Café Loustic | What it is like to open and run a Coffee Shop in France, Part 2 – Know thy (French) client
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What it is like to open and run a Coffee Shop in France, Part 2 – Know thy (French) client

21 Jul What it is like to open and run a Coffee Shop in France, Part 2 – Know thy (French) client

 

The Ten Commandments of French Café Clients

1. The French take their coffee like a medicine. A long, burnt espresso, that might as well have been extracted through a sock, with sugar, down the hatch. A caffeine hit, bypassing the tastebuds. Don’t even  mention ‘mouthfeel’…

2. The French coffee client drinks their coffee black. Hallelujah!

3. The French client may not come every day, every other day, or even every week. They come when they have time for a full break (= “le pause café“).

4. The French coffee client does not order ‘to go’. Coffee this expensive is drunk in porcelain cups, not paper (I agree, but I don’t judge). Less than 10% of our sales are takeaway, and over 90% of those are to non-French clients. When I hear people wanting to come to France and duplicate the take-away coffee culture from overseas, I just roll my eyes and think of David Hepworth’s (British media personality) quote: “You will die faster than a flea in a Russian’s beard”…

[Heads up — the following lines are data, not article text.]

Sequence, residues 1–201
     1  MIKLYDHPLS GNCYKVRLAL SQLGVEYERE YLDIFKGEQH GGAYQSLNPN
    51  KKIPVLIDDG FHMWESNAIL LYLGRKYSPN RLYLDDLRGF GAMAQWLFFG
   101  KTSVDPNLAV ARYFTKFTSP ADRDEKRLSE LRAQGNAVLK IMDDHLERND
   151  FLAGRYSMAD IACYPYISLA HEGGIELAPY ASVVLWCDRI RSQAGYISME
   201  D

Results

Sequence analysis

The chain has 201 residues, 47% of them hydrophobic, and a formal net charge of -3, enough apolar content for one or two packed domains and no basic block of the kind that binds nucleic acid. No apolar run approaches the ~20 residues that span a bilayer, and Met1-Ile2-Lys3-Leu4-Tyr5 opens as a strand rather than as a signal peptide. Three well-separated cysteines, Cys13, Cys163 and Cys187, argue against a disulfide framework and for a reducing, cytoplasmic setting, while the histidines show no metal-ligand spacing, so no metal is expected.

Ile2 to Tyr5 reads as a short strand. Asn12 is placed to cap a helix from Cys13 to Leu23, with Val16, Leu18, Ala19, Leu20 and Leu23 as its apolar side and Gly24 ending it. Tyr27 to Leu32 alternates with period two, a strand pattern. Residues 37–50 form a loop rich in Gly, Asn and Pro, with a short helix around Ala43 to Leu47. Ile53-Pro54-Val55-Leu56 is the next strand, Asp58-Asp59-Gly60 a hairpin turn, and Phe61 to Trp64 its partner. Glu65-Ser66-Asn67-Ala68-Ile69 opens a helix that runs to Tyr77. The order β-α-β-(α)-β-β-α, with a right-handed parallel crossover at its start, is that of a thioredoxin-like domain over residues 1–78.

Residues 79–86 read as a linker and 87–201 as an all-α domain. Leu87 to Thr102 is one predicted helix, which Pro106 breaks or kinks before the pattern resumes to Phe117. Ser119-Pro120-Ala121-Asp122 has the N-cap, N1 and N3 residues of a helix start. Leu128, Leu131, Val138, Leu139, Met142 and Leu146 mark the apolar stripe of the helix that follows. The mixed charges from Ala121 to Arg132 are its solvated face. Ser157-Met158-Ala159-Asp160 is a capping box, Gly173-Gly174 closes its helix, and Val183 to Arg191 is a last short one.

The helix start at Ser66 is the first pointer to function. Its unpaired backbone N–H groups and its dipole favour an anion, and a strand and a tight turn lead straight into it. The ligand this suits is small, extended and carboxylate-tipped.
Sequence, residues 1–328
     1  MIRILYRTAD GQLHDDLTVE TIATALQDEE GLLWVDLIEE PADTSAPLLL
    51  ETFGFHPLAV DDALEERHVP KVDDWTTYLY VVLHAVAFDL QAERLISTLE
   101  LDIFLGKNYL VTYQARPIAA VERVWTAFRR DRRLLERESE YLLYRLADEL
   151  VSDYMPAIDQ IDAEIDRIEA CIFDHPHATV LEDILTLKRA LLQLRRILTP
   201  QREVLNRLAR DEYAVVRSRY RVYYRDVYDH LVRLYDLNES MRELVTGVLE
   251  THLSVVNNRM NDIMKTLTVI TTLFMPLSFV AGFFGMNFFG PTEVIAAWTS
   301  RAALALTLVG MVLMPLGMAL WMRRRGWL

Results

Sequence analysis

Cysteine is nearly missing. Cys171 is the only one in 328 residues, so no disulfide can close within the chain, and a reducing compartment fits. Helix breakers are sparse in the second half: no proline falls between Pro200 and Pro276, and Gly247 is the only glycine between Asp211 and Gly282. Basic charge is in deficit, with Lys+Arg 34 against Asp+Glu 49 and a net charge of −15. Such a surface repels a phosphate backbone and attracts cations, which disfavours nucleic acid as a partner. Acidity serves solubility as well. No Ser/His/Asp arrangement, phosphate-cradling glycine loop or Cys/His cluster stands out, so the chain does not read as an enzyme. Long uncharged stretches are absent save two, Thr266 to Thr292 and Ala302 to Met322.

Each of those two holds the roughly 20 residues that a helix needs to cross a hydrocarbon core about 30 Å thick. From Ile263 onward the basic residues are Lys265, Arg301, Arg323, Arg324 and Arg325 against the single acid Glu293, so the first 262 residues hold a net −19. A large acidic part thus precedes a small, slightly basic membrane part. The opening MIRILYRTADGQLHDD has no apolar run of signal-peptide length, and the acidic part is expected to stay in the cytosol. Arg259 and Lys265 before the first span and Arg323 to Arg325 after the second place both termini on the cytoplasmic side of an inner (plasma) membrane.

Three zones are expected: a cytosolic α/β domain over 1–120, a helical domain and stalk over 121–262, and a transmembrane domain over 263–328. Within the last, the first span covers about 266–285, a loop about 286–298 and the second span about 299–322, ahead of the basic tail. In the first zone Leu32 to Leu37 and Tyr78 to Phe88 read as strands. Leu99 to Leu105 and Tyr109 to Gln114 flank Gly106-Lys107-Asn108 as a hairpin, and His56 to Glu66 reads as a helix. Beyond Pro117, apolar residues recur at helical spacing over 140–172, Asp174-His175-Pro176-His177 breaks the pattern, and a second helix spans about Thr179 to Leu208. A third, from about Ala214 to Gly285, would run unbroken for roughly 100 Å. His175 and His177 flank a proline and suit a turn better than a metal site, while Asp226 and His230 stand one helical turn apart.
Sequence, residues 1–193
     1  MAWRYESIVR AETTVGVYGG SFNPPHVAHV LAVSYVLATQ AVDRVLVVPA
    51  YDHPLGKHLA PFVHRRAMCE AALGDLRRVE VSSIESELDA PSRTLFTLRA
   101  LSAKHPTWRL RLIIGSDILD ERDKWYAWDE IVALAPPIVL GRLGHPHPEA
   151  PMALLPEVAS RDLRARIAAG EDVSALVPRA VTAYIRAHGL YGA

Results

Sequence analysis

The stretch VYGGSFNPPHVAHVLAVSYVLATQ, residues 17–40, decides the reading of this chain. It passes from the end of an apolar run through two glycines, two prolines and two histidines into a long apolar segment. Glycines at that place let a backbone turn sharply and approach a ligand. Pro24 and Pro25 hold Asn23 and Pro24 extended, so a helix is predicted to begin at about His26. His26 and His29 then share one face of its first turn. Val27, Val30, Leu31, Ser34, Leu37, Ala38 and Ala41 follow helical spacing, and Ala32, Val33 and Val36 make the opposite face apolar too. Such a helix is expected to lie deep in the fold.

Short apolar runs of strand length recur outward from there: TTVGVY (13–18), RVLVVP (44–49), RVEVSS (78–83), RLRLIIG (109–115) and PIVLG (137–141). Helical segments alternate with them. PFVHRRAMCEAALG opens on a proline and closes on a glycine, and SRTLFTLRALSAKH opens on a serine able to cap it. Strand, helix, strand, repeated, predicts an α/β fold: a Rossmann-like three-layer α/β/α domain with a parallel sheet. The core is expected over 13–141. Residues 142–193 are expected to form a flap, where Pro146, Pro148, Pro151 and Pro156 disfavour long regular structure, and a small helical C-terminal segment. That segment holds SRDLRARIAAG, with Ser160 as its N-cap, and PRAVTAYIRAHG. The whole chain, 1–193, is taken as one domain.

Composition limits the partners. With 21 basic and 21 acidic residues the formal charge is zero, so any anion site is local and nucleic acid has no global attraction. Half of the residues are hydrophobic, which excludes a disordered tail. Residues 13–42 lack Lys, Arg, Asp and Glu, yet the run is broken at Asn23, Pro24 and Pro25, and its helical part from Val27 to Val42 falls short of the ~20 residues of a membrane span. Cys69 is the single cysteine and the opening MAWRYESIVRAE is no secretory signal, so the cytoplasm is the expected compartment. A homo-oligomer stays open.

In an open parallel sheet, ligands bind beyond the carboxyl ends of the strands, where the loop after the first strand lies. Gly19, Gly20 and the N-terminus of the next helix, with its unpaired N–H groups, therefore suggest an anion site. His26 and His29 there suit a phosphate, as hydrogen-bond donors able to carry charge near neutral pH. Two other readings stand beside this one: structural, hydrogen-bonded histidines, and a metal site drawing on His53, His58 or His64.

5. The French client has a hard time understanding the concept of a “non-alcoholic drinks destination” (like an espresso bar) that is only open during the day. In Paris, this is due to the traditional Parisian café serving up alcohol, food, and soft drinks as well as coffee at all hours, plus see number 1 above.  Any explanation about the fact that we specialize in coffee is met with “OK, but what do you have to eat…”. Sigh..

6. My former French colleagues were bewildered when they learned that I used to take the metro 2 stops to go and get my coffee at lunchtime (Paris in 2009 had only 2 Marzocco machines and as many baristas..). Yes, I used to explain to them –  coffee IS that important..

7. Our French clients who spend good money on coffee at Loustic (and who like it) will think nothing of going back to the office and chasing it with a 20 cent vending machine coffee that could disembowel someone. I very much doubt that happens in London or Portland or SF in 2015.

8. The French coffee client who has never encountered specialty coffee before and, after trying it, doesn’t like it, will not like the ‘tangy’ taste or will think is too strong. Coffee drinking here has a longer tradition than the Anglo-Saxon countries. So specialty coffee is rowing against this tradition.

9. The French coffee client will look at an espresso bar and say “it’s like Brooklyn”. I’m willing to bet most of these people have never set foot outside Manhattan on their visit to NYC.

10. When you explain specialty coffee to a French client, especially it’s similarity to wine in how it’s a product of the earth and that’s why different coffees have different tastes, they listen attentively and understand. It is not seen as pretentious (like in some quarters in the UK, for instance). That is because they are ‘educated’ in gastronomy. This is marvy!

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